Students' experience of component versus integrated virtual learning environments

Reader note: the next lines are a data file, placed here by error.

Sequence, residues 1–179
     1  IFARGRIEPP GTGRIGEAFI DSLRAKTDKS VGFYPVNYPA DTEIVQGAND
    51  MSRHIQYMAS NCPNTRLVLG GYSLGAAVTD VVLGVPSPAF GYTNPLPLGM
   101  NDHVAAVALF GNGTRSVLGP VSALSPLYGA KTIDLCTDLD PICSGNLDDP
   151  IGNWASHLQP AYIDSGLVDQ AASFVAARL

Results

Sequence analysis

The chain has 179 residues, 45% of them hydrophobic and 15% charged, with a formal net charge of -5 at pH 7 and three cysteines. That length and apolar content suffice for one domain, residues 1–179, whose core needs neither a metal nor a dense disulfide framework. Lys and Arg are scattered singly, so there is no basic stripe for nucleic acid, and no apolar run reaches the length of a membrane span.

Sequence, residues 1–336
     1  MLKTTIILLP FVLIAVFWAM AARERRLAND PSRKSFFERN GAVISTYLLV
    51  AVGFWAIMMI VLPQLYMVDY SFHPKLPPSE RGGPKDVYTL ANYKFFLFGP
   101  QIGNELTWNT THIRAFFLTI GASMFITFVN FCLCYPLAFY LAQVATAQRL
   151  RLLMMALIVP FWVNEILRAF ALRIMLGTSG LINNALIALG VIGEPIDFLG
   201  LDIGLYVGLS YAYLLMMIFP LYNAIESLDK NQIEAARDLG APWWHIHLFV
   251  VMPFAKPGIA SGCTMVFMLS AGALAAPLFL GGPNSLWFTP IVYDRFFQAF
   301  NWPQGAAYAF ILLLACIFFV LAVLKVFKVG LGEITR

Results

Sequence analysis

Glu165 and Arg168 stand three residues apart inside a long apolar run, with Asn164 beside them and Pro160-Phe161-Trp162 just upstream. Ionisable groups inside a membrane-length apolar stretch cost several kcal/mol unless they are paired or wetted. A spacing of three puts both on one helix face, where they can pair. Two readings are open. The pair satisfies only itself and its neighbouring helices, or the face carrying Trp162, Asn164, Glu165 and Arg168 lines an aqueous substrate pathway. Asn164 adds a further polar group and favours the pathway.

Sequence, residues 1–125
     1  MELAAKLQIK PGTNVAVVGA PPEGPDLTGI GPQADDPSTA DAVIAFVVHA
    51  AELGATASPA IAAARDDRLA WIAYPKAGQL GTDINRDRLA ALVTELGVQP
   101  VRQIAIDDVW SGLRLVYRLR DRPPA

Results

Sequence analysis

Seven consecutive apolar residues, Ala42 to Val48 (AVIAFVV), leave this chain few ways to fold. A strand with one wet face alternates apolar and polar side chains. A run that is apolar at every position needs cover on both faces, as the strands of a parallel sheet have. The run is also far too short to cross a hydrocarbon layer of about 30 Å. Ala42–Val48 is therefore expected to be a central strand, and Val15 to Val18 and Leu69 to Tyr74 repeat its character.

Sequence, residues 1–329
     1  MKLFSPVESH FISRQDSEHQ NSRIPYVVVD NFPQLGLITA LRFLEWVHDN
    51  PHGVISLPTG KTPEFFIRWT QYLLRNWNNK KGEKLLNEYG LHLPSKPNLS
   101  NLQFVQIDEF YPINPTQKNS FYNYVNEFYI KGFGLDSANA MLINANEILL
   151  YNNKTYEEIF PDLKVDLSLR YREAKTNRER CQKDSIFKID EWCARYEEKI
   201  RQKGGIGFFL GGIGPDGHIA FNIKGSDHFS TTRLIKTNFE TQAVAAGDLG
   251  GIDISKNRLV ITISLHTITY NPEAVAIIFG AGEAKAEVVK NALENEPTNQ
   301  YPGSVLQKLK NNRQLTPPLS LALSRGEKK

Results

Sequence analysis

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<ul><li><p>Students experience of component versusintegrated virtual learning environmentsM. Weller, C. Pegler &amp; R. MasonInstitute of Educational Technology, The Open University, Milton Keynes, UK</p><p>Abstract The use of virtual learning environments (VLEs) has become increasingly common in most</p><p>higher education (HE) institutions. Recent developments have proposed the interoperability</p><p>of software systems and content, to create component VLEs in contrast with the integrated,</p><p>monolithic ones that are currently prevalent. This paper examines the student experience of</p><p>two VLEs, one integrated approach and the other component. In general, students preferred</p><p>the component system, although this may have been influenced by other factors such as</p><p>performance. Although the study is limited to one cohort of student it makes a number of</p><p>suggestions relevant to anyone deploying a VLE. These are that the component approach is a</p><p>viable one from a student perspective, the broader context in which the VLE operates is</p><p>important in student perception and that poor system performance may have unpredictable</p><p>consequences for the learning experience.</p><p>Keywords e-learning, interview, satisfaction, virtual learning environments</p><p>Introduction</p><p>Virtual learning environments (VLEs) have become a</p><p>pervasive technology in much of higher and further</p><p>education, with 86% of respondents from UK HE in-</p><p>stitutions reporting the presence of a VLE in their</p><p>institution (Brown &amp; Jenkins 2003) and 70% of UK</p><p>further education (FE) colleges using a proprietary</p><p>VLE (Becta 2004). As with many new technologies,</p><p>there are many definitions for the term VLE, and it is</p><p>often used synonymously with the term learning</p><p>management system (LMS). The differences between</p><p>many definitions are often subtle and serve the parti-</p><p>cular aims of the definer. Definitions can be in terms of</p><p>functionality, for instance states The</p><p>principal components of a VLE package include cur-</p><p>riculum mapping (breaking curriculum into sections</p><p>that can be assigned and assessed), student tracking,</p><p>online support for both teacher and student, electronic</p><p>communication (e-mail, threaded discussions, chat,</p><p>Web publishing), and Internet links to outside curri-</p><p>culum resources. For the purpose of this paper the</p><p>Joint Information Systems Committee (JISC) defini-</p><p>tion (JISC 2000) which states the term refers to the</p><p>components in which learners and tutors participate in</p><p>on-line interactions of various kinds, including on-</p><p>line learning is sufficient (interactions here can refer</p><p>to interactions with content as well as those with</p><p>students and tutors). Although this paper focuses on</p><p>the VLE, much of what is covered can be broadened to</p><p>the wider technical environment, commonly termed</p><p>the Managed Learning Environment, which, according</p><p>to the JISC definition (JISC 2000), includes the whole</p><p>range of information systems and processes of the</p><p>College (including its VLE if it has one) that con-</p><p>tribute directly or indirectly to learning and learning</p><p>management.</p><p>There are two approaches to the design of VLEs.</p><p>The predominant one is what can be termed a mono-</p><p>lithic or integrated approach. This provides all of the</p><p>Correspondence: M. Weller, Institute of Educational Technology,</p><p>The Open University, Milton Keynes MK7 6AA, UK.</p><p>Email:</p><p>Accepted: 7 April 2005</p><p>&amp; Blackwell Publishing Ltd 2005 Journal of Computer Assisted Learning 21, pp253259 253</p><p>Original article</p></li><li><p>common online learning tools within one software</p><p>package. As well as providing an off-the-shelf solution</p><p>to most of the e-learning needs of an institution there</p><p>are also benefits to having all components within one</p><p>common system. The key benefits are administrative</p><p>in that they provide a single integration point with</p><p>which other institutional systems can interface, and</p><p>pedagogical, in that they allow student activity to be</p><p>tracked across components, so a holistic view of their</p><p>online behaviour can easily be viewed. For many in-</p><p>stitutions being able to purchase a single system that</p><p>has most of the online tools they will require enables</p><p>them to quickly establish an online presence.</p><p>Recently it has been suggested that an alternative</p><p>approach is both feasible and desirable. This design can</p><p>be termed a component, or hybrid architecture. As well</p><p>as offering the benefits of a single interface to the various</p><p>online components for the user, it also offers the possi-</p><p>bility to adopt a best of breed approach, by combining</p><p>components from different providers (including free or</p><p>open source software) into a single system.</p><p>The viability of such component VLEs has been</p><p>raised by recent developments which seek to specify a</p><p>generic, standards-based approach to VLEs, often fo-</p><p>cused around open-source systems. These include the</p><p>SAKAI initiative in the US and the JISC service-or-</p><p>iented architecture in the UK. The SAKAI project</p><p>aims to deliver the following (http://www.sakaipro-</p><p>, all as open source:</p><p>The products of this project will include an EnterpriseServices-based Portal, a complete Course ManagementSystem with sophisticated assessment tools, a ResearchSupport Collaboration System, a Workflow Engine, anda Technology Portability Profile as a clear standard forwriting future tools that can extend this core set ofeducational applications.</p><p>The JISC framework (Wilson et al. 2004) outlines the</p><p>benefits and approach for adopting a service-oriented</p><p>architecture, which can be seen as a means of viewing</p><p>the integration of systems:</p><p>When we embark on this kind of analysis, identifyingthe parts of the MLE at a more granular level thanmonolithic systems, then we eventually end up with aframework of service descriptions. We are no longerinterested so much in replicating data between largesystems, but instead focus on what kinds of services areneeded in the overall architecture to provide certainkinds of behaviour from applications.</p><p>This can all be viewed in the broader context of a</p><p>move towards interoperability. Over recent years a</p><p>number of standards have been developed in educa-</p><p>tional technology, notably by the IMS Project and</p><p>ADL in the US. The IMS web site (</p><p> describes key specifications in simple</p><p>terms by placing them in categories describing their</p><p>core function:</p><p> Specifications used to describe, discover and ex-change content.</p><p> Specifications for Content interaction and tracking. Specifications for Application system interoperability.</p><p>The motivation behind all of these standards is the</p><p>desire for interoperability. This can be in terms of</p><p>content (being able to share e-learning material be-</p><p>tween institutions and thus reduce the cost of devel-</p><p>oping it), student data (being able to easily transfer</p><p>student records to provide a more flexible learning</p><p>path for students) or systems (being able to describe</p><p>generic interfaces for systems).</p><p>This move towards looser integration of systems</p><p>and less proprietary based solutions is not confined to</p><p>the educational sector. In broader terms the develop-</p><p>ment of web services seeks to achieve much the same</p><p>goal. The idea behind web services is that a piece of</p><p>code is available to remote machines over the Internet.</p><p>The code in effect acts as a service, providing func-</p><p>tionality or data to a remote machine without having to</p><p>download the code. It is delivered over the web, hence</p><p>web services.</p><p>XML underpins all of this and is at the heart of web</p><p>services, being the method by which data is packaged</p><p>and passed between systems. Web services are lan-</p><p>guage-agnostic, thus one service might use Java to</p><p>develop its service, and another use Visual Basic, but</p><p>they could still communicate. This is significant be-</p><p>cause it means services can be integrated across dif-</p><p>ferent systems without the need for costly reengineer-</p><p>ing of both systems (although the implementation of</p><p>web services will have an associated cost).</p><p>Web services are often promoted as a solution to</p><p>enterprise architecture integration. Their advantage in</p><p>this area is that they do not require expensive in-</p><p>tegration of databases or recoding of existing systems.</p><p>They are simpler, based on open standards, more</p><p>flexible and cheaper than other forms of integration. If</p><p>254 M. Weller et al.</p><p>&amp; Blackwell Publishing Ltd 2005 Journal of Computer Assisted Learning 21, pp253259</p></li><li><p>one views the VLE as essentially an integration pro-</p><p>blem, then web services offer a viable means of rea-</p><p>lising this across most applications, without the need</p><p>for extensive alteration to existing systems.</p><p>There are inherent benefits in each of these two</p><p>design approaches but both can be seen as striving for</p><p>the advantages of the other approach also. For in-</p><p>stance, many integrated commercial VLEs such as</p><p>Blackboard and WebCT offer means of integrating</p><p>new software components into their existing provision</p><p>through the use of a standard application programme</p><p>interface (API). Conversely the SAKAI and JISC</p><p>proposals seek to provide a common interface both in</p><p>terms of data and look and feel to a disparate set of</p><p>tools. Both approaches are keen to support the use of</p><p>standards. This raises the issue of whether there is</p><p>much difference between the systems from a users</p><p>perspective. While they may operate differently and</p><p>necessitate different technical skill sets, from an end</p><p>user perspective they may feel similar, which makes</p><p>the institutional decision to adopt either approach</p><p>largely a strategic one.</p><p>It is this perspective that this paper seeks to address</p><p>by examining the students experience of two different</p><p>VLEs, which correspond to the two design ap-</p><p>proaches, while studying the same postgraduate</p><p>course. The course in question is Learning in the</p><p>Connected Economy (H806), which was one of three</p><p>pilot courses for the UK eUniversities (UKeU) in-</p><p>itiative which aimed to deliver online courses from</p><p>UK-based Higher Educations Institutions to a global</p><p>audience. The UKeU developed a new VLE (in col-</p><p>laboration with Sun Microsystems) through which all</p><p>courses were delivered.</p><p>The course was developed by the UK Open Uni-</p><p>versity (OU), but presented through the UKeU. The</p><p>UKeU was responsible for marketing and hosting the</p><p>course, but students were supported by OU tutors and</p><p>the award was through the OU. The course consists of</p><p>four modules, each divided into approximately 1</p><p>weeks worth of study material. Each week is then</p><p>comprised of a number of learning objects. The course</p><p>lasts for 8 months and provides approximately 450</p><p>student study hours.</p><p>In June 2004 it was announced that the UKeU</p><p>would cease operation by mid-July (http://www.</p><p> As the</p><p>course still had 3 months of presentation remaining, it</p><p>was necessary to migrate students from the UKeU</p><p>VLE to the OUs platform. This provided a rare op-</p><p>portunity to evaluate the student experience of VLEs</p><p>based on different design principles.</p><p>The UKeU VLE was developed in collaboration</p><p>with Sun Microsystems. It was based around a com-</p><p>ponent architecture, but designed from a top-down</p><p>perspective as an integrated system. It incorporated</p><p>some third party technologies, including forums,</p><p>multiple choice software and calendar system. As such</p><p>it can be viewed as representative of the monolithic,</p><p>integrated design approach.</p><p>In contrast the OU has developed a range of com-</p><p>ponents to meet specific needs over a number of years,</p><p>without necessarily integrating these into one system.</p><p>Such in-house developments include an assignment</p><p>handling system and an authentication system. In ad-</p><p>dition some commercial systems have been adapted</p><p>and incorporated into widescale use in the OU. The</p><p>most notable of these is OpenTexts FirstClass, which</p><p>now has 252 000 registered OU users. In order to in-</p><p>tegrate these the OU has adopted a web services ap-</p><p>proach, developing a student portal and VLE called</p><p>the eDesktop. The VLE uses a template approach, to</p><p>provide course teams with a means of creating an</p><p>online presence. This is the standard web presence</p><p>used for over 250 of the OUs current courses. Minor</p><p>customisation is supported and varying course re-</p><p>sources are provided, but the default eDesktop pre-</p><p>sents a student portal incorporating course-specific</p><p>calendars and news, direct access to relevant assess-</p><p>ment, conferencing and library resources all of</p><p>which existed as free-standing components before the</p><p>development of the eDesktop. The OU VLE can</p><p>therefore be seen as representative of the component,</p><p>best of breed approach.</p><p>While there has been much interest around the po-</p><p>tential to build a component VLE, there are relatively</p><p>few examples of this in practice. Both the JISC and</p><p>SAKAI work is aimed at fostering the development of</p><p>such systems. The main implementation of such an</p><p>approach has been the LeAP project in Tasmania, which</p><p>has successfully employed a service-oriented archi-</p><p>tecture, based around a set of loosely coupled compo-</p><p>nents. Given that it is unusual to have a set of students</p><p>who experience two different platforms, and that the</p><p>number of component-based implementations is limited,</p><p>the following research is necessarily limited in scope.</p><p>Students experience of VLE 255</p><p>&amp; Blackwell Publishing Ltd 2005 Journal of Computer Assisted Learning 21, pp253259</p></li><li><p>Data collection</p><p>Method</p><p>On completion of H806 students were asked to com-</p><p>plete a web-based questionnaire, which focused on</p><p>issues associated with their use and experience of the</p><p>two VLEs and the migration process. Twenty two of</p><p>the 24 students who completed the course responded</p><p>to the web questionnaire and twenty of these were</p><p>subsequently interviewed by telephone (one declined</p><p>to be interviewed and one responded to the ques-</p><p>tionnaire after the interviews had already been com-</p><p>pleted) The 20 interviewees were allocated randomly</p><p>to the three course team members to conduct struc-</p><p>tured interviews according to an agreed set of ques-</p><p>tions, each interview also drew on the interviewees</p><p>responses to the web questionnaire.</p><p>The interviews lasted between fifteen and forty</p><p>minutes each, and were transcribed by the interviewer.</p><p>They were conducted over a 5-week period after the</p><p>completion of the course.</p><p>Issues in data collection</p><p>The issue of subjectivity and potential bias is raised by</p><p>members of the course team conducting the inter-</p><p>views. However, given the requirement for familiarity</p><p>with the migration situation and knowledge of both of</p><p>the learning environments involved (one of which was</p><p>no longer available for reference), it was felt that the</p><p>advantages outweighed potential disadvantages. The</p><p>possibility of bias was compensated somewhat by</p><p>randomly allocating students to three separate inter-</p><p>viewers.</p><p>It should also be borne in mind that this is a small</p><p>number of students, at Masters level, and many of</p><p>them were already experienced in e-learning at the</p><p>start of the course (52% (11) had studied online</p><p>previously). Similarly, the evaluation was limited to</p><p>only the two VLEs mentioned, and a much broader</p><p>survey would be necessary to validate any findings.</p><p>The course represented an unusual opportunity to</p><p>per...</p></li></ul>